People don't exactly wave when they see the police coming in Belle Glade. One guy, standing on a corner by himself, says his name is Henry Gaines. He's 30 but looks older, with a mouth of gold-capped teeth. He's wearing a cap reading "Muck City," Belle Glade's self-deprecating nickname.

He's in front of a sad-looking storefront in an old section of town. Lots of idle men are hanging around the sidewalks, doing not much. Police in pairs patrol the sidewalk.

"All they do is walk around here and tell you, `You got to go home,'" Gaines says. He sounds resentful that the cops make a general presumption of criminality among the citizenry. Hurting his own argument, Gaines then says he just got out of jail: 10 months for marijuana possession.

Two police officers walk by. Gaines pretends not to see them.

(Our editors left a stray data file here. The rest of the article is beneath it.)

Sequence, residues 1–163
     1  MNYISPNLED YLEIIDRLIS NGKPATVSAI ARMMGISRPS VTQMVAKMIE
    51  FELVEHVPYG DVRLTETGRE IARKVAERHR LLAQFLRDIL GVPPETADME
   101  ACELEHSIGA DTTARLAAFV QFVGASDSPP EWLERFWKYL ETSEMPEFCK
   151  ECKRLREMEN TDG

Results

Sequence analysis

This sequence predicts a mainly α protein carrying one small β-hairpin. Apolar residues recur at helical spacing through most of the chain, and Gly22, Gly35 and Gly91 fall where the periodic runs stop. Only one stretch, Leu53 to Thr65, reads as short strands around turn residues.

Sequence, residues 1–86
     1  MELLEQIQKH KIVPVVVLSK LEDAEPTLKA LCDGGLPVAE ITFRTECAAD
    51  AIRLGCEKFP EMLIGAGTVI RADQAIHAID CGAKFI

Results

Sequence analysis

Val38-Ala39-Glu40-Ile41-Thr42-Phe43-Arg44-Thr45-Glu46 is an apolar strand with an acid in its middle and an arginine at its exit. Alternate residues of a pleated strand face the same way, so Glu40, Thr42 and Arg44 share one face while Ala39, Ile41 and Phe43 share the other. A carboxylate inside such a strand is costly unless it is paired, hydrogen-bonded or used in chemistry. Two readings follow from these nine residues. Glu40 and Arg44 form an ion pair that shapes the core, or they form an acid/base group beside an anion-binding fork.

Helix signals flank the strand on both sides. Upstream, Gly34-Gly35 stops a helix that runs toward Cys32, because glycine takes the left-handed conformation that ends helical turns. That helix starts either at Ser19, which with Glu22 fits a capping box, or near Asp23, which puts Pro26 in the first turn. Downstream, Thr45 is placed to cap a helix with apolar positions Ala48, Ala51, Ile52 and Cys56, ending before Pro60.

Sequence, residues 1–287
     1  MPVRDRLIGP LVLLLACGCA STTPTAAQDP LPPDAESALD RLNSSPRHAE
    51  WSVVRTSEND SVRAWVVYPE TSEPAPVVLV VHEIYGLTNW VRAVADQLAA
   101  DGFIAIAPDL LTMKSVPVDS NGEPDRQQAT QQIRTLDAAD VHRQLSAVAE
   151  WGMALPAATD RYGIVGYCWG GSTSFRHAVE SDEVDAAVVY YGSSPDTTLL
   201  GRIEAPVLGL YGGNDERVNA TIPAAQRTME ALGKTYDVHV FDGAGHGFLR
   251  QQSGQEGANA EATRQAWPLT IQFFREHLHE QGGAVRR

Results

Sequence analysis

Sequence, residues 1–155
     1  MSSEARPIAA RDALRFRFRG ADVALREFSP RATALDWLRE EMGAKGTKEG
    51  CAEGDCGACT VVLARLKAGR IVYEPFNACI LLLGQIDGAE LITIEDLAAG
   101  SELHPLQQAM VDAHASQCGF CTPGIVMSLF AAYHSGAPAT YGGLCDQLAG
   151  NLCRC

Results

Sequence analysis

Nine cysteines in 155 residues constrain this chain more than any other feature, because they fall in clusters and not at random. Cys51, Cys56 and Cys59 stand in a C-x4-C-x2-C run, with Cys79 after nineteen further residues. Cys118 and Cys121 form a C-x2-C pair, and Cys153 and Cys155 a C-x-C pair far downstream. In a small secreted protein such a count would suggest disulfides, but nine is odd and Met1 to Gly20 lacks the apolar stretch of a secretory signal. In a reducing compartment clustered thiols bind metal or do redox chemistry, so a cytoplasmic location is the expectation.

Belle Glade's police force, strapped for resources with only about 30 officers, could barely keep up with live calls, let alone solve lingering cases. It has since been replaced by the Palm Beach County Sheriff's Office.

Judge Nelson Bailey's docket listed more than 2,400 felonies and misdemeanors in 2005. Comes with the territory, Bailey says: "Crime always goes with poverty."

Many incidents involve violence, he said -- a lot of it outside bars on a Friday or Saturday night.

"Compared to the rest of Palm Beach County, this is a Third World country," Bailey says. "That's not a metaphor. That's a fact."

Sun-Sentinel photos: Scott Fisher

No comments:

Post a Comment